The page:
TTF among patients in RealGiDo by dose received2
CI, confidence interval; NR, no response.
Median TTP was 20.8 months (95% CI: 19.1–25.9) in the overall population, 29.0 months (95% CI: 17.9–NE) in patients who remained on an afatinib dose of ≥40 mg/day, 20.0 months (95% CI 14.7–23.0) in patients who had a dose reduction to <40 mg/day within the first 6 months and 25.9 months (95% CI: 17.3–NE) in patients who started with afatinib ≤30 mg/day (p=0.392).2
The proportion of patients without progressive disease or tumour-related death at 12 months was estimated as 79% in patients who remained on afatinib ≥40 mg/day for the first 6 months, 84% in patients who had a dose reduction to <40 mg/day within the first 6 months and 86% in patients who started with afatinib ≤30 mg/day.2 The corresponding rates at 18 months were 65%, 60% and 64%, respectively.2
TTP among patients in RealGiDo by dose received2
CI, confidence interval; NR, no response.
Tolerability-guided afatinib dose adjustment in real-world clinical practice reduced the frequency and intensity of ADRs, without impacting effectiveness.2 As seen in the LUX-Lung trials,4,5 the effectiveness of afatinib was consistent regardless of whether patients had a dose reduction or a modified starting dose.2 Overall, these results show that outcomes can be optimised by tailoring afatinib dose based on individual patient characteristics and ADRs.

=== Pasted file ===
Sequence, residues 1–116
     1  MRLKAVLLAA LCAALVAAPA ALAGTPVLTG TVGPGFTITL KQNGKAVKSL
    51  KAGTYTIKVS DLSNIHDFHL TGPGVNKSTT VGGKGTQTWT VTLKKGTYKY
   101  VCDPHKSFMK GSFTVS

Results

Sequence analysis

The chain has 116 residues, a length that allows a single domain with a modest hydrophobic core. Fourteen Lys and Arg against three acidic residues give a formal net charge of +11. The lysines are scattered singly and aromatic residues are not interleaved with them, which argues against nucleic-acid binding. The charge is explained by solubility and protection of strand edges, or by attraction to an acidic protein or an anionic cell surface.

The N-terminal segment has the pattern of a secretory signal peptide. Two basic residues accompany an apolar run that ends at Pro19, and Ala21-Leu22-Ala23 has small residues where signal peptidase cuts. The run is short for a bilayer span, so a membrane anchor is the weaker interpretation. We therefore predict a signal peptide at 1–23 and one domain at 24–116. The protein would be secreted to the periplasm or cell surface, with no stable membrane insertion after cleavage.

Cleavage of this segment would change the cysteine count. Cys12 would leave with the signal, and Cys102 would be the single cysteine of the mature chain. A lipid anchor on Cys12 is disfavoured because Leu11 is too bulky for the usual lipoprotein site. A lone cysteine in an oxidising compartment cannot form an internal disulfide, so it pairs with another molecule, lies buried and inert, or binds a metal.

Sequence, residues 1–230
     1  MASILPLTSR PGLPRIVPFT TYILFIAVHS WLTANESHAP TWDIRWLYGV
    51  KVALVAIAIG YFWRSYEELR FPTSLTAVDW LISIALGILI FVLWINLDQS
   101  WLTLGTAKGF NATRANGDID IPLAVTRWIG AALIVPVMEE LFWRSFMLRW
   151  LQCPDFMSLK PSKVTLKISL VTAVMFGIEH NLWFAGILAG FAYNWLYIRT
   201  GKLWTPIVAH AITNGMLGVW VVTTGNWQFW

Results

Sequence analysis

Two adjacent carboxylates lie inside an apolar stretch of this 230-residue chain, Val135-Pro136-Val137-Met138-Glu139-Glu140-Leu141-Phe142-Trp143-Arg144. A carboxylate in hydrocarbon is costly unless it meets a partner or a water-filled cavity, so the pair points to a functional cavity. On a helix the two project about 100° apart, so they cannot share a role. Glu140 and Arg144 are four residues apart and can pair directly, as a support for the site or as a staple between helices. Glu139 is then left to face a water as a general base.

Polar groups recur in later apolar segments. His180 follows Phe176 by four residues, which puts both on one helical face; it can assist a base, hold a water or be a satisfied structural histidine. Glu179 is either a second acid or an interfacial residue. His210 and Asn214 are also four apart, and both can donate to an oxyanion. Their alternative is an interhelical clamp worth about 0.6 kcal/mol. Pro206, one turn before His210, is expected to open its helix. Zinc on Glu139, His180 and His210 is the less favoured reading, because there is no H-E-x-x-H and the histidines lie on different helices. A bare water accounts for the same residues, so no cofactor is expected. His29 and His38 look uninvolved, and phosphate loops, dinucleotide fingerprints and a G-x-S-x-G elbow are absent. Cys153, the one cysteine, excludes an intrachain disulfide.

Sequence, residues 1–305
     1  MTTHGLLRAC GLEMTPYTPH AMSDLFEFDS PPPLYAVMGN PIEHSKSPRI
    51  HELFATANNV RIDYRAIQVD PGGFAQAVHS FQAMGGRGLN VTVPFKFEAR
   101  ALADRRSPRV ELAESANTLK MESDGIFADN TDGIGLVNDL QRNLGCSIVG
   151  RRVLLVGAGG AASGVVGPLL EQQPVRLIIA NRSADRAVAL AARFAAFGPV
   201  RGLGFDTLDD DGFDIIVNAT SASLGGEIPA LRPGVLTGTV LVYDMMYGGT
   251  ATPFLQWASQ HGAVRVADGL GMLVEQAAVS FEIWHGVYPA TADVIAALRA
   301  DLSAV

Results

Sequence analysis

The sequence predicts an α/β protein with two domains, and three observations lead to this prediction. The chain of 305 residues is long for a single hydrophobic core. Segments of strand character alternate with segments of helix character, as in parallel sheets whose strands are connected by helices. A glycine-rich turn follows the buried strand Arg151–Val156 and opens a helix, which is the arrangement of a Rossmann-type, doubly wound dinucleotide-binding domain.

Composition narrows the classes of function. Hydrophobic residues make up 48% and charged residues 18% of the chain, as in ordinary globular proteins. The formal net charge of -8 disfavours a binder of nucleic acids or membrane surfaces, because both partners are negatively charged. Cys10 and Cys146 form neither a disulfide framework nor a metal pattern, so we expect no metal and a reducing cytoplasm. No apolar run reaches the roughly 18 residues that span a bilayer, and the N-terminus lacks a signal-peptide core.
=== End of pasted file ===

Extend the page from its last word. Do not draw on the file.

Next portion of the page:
Clinicaltrials.gov. https://clinicaltrials.gov/ct2/show/NCT02751879 (Accessed: May 2018).
Halmos B, et al. Lung Cancer 2018. doi: https://doi.org/10.1016/j.lungcan.2018.10.028 [Epub ahead of print].
Sequist LV, et al. J Clin Oncol 2013;31(27):3327–34.
Yang JC, et al. Ann Oncol 2016;27(11):2103–10
Hirsch V, et al. Poster presented at ASCO 2016 (Poster 369).
*Afatinib is approved in more than 80 markets including the EU, Japan, Taiwan, and Canada under the brand name GIOTRIF®, in the US under the brand name GILOTRIF® and in India under the brand name Xovoltib®; for the full list please see here. Registration conditions differ internationally; please refer to locally approved prescribing information.
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Last updated: October 2018